This poem, composed in 1818, was not published during Keats’ lifetime. I’ve also found it titled “A Song of Opposites.”

Keats opens with a misquotation from Milton’s Paradise Lost. The scene is from Book II, lines 899-901. Satan confronts Sin and Death, who guard the Gates of Hell, only to find that Sin is his daughter, and Death is his son. After Sin unlocks the nine gates, they gaze upon Chaos, depicted as a roiling, clashing mix of elements.

Before their eyes in sudden view appear [ 890 ]
The secrets of the hoary deep, a dark
Illimitable Ocean without bound,
Without dimension, where length, breadth, & highth,
And time and place are lost; where eldest Night
And Chaos, Ancestors of Nature, hold [ 895 ]
Eternal Anarchy, amidst the noise
Of endless Wars, and by confusion stand.
For hot, cold, moist, and dry, four Champions fierce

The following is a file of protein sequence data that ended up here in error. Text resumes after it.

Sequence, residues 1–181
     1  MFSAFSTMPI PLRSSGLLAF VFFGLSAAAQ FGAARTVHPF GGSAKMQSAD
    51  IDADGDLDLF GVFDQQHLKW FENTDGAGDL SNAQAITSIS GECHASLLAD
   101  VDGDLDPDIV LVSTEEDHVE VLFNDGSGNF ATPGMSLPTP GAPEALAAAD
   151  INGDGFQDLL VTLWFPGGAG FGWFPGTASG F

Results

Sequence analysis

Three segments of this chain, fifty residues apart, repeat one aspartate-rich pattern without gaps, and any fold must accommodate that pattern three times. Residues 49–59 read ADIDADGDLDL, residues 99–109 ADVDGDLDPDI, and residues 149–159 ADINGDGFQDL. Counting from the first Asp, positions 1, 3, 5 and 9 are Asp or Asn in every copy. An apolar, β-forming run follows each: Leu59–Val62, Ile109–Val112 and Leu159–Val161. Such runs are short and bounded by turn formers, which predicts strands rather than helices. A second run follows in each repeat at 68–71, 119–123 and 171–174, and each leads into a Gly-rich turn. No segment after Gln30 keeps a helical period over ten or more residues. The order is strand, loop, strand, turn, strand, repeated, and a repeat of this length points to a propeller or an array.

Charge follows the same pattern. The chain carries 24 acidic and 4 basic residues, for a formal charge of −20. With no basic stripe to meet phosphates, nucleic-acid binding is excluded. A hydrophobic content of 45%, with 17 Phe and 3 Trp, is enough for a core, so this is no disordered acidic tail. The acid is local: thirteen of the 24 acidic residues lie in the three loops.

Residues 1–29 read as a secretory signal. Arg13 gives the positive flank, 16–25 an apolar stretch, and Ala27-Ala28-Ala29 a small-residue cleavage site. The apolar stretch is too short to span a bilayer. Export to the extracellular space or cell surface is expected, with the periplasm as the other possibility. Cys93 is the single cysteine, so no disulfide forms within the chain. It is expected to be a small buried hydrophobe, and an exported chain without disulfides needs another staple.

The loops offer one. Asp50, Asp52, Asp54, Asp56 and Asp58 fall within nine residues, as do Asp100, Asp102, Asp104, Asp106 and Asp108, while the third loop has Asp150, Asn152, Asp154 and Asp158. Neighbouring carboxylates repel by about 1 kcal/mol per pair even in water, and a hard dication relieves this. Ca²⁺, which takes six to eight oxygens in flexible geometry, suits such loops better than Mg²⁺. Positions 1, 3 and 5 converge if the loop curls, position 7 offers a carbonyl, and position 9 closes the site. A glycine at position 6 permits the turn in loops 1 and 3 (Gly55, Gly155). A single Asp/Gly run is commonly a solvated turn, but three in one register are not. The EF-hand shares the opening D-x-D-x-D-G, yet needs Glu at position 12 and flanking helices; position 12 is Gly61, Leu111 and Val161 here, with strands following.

Strive here for Mastery, and to Battle bring
Their embryon Atoms; they around the flag [ 900 ]
Of each his faction, in their several Clans…

Lethe — one of the rivers of Hades, the Greek underworld. Here is Milton’s Paradise Lost, Book II, in which he describes the five rivers of hell, ending with a description of Lethe:

Far off from these a slow and silent stream,
Lethe the River of Oblivion rules
Her watery Labyrinth, whereof who drinks,
Forthwith his former state and being forgets, [ 585 ]
Forgets both joy and grief, pleasure and pain.

“Lethe’s weed, and Hermes’ feather” — “The contrast is between dull obliviousness and mercurial sharpness” – Oxford World’s Classics edition footnote. Hermes is the swift and clever messenger of the gods in Greek mythology (known as Mercury by the Romans).

night-shade — Following the pattern of the poem, Keats is likely referring to deadly nightshade, or belladonna, a highly poisonous plant. According to Wikipedia: “Most parts of the plant, its leaves, its berries are known to be very poisonous. Children have died from eating as little as three berries. One leaf contains enough poison to kill an adult. The root usually contains the most poison.”